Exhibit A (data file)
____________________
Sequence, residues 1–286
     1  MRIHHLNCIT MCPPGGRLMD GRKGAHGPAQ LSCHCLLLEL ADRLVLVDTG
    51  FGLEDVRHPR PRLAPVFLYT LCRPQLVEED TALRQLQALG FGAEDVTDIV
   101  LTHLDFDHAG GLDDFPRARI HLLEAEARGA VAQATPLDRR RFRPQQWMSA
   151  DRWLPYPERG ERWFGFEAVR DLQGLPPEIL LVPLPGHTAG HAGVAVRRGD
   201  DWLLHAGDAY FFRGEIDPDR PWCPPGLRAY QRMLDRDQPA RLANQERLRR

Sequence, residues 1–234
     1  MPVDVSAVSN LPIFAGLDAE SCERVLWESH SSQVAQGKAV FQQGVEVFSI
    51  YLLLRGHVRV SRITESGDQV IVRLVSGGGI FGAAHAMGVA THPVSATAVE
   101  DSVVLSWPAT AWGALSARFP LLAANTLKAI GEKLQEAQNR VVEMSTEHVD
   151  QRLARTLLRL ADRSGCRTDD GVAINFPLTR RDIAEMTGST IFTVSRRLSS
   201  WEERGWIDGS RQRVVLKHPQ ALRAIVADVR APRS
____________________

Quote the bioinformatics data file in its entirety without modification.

Sequence, residues 1–286
     1  MRIHHLNCIT MCPPGGRLMD GRKGAHGPAQ LSCHCLLLEL ADRLVLVDTG
    51  FGLEDVRHPR PRLAPVFLYT LCRPQLVEED TALRQLQALG FGAEDVTDIV
   101  LTHLDFDHAG GLDDFPRARI HLLEAEARGA VAQATPLDRR RFRPQQWMSA
   151  DRWLPYPERG ERWFGFEAVR DLQGLPPEIL LVPLPGHTAG HAGVAVRRGD
   201  DWLLHAGDAY FFRGEIDPDR PWCPPGLRAY QRMLDRDQPA RLANQERLRR

Sequence, residues 1–234
     1  MPVDVSAVSN LPIFAGLDAE SCERVLWESH SSQVAQGKAV FQQGVEVFSI
    51  YLLLRGHVRV SRITESGDQV IVRLVSGGGI FGAAHAMGVA THPVSATAVE
   101  DSVVLSWPAT AWGALSARFP LLAANTLKAI GEKLQEAQNR VVEMSTEHVD
   151  QRLARTLLRL ADRSGCRTDD GVAINFPLTR RDIAEMTGST IFTVSRRLSS
   201  WEERGWIDGS RQRVVLKHPQ ALRAIVADVR APRS